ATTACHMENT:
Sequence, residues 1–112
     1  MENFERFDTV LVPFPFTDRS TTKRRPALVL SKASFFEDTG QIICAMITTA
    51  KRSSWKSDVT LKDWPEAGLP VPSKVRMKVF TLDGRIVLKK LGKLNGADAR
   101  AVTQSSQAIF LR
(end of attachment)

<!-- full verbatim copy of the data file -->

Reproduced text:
Sequence, residues 1–112
     1  MENFERFDTV LVPFPFTDRS TTKRRPALVL SKASFFEDTG QIICAMITTA
    51  KRSSWKSDVT LKDWPEAGLP VPSKVRMKVF TLDGRIVLKK LGKLNGADAR
   101  AVTQSSQAIF LR